3. Data and Methodology

3.1. Data

A total of 61,320 h of observation of 13 sites spanning from 2 January 2015 to 31 December 2021 was collected for air quality analysis in the study area between 2015 and 2021, downloaded from the China Environment Monitoring Terminal (http://www.cnemc.cn/ (accessed on 10 March 2022)). The 13 observation sites are distributed within eight counties (Figure 1b), of which five counties have one observation site, respectively, one county has two observation sites, and two counties have three observation sites. Additionally, data recorded from four sites named 1415A, 1423A, 1424A, and 1430A are excluded from the study area due to the suspension of recording since November 2016. The raw data of each site contain the hourly record of AQI and six major pollutants (PM2.5, PM10, SO2, NO2, O3, and CO). The missing rates of raw data vary among 13 observation sites (Table S1) with a mean missing rate of 4.80%, the highest missing rate of 5.93% at site 1428A, and the lowest missing rate of 4.21% at site 1426A.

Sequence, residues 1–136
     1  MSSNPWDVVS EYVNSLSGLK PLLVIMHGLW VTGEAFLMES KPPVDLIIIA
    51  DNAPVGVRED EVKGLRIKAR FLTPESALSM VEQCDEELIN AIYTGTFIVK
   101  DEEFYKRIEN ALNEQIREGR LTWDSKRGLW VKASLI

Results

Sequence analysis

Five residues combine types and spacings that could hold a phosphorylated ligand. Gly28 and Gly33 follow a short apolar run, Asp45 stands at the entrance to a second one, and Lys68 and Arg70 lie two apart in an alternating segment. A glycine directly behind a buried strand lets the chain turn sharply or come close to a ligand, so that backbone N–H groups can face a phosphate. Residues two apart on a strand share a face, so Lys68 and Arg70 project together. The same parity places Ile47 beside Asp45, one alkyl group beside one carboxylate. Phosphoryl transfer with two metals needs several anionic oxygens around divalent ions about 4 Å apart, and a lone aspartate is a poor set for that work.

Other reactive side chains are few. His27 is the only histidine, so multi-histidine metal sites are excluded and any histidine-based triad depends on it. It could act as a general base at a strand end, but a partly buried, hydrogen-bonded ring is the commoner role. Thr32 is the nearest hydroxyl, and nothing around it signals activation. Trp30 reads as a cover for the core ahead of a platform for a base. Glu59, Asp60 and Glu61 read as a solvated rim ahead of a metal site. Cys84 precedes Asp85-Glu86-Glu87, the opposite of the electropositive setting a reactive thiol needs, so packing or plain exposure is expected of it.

3.2. Methodology

3.2.1. AQI Calculation

AQI is a comprehensive index of six pollution factor subindices that are generally calculated based on the technical regulation of the Ministry of Ecology and Environment [30]. To determine the hourly and daily AQI, the individual air quality index (IAQI) of each pollutant needs to be first calculated based on the value of each pollutant, and then the maximum value is taken as the AQI. Hourly AQI is directly calculated based on the original hourly record, and daily AQI is calculated based on the daily (24 h) average values of PM10, PM2.5, SO2, NO2, CO mass concentration, and the daily maximum 8 h sliding average of O3 mass concentration. Monthly, seasonal, and annual AQIs are calculated by averaging the daily AQI of the responding period. The formula for calculating AQI can be expressed as:
AQI i = C i , m C i , j 1 C i , j C i , j 1 × ( AQI i , j   AQI i , j 1 ) + AQI i , j 1 AQI   =   max   ( A Q I 1 ,   A Q I 2 , A Q I 3 ,   A Q I i )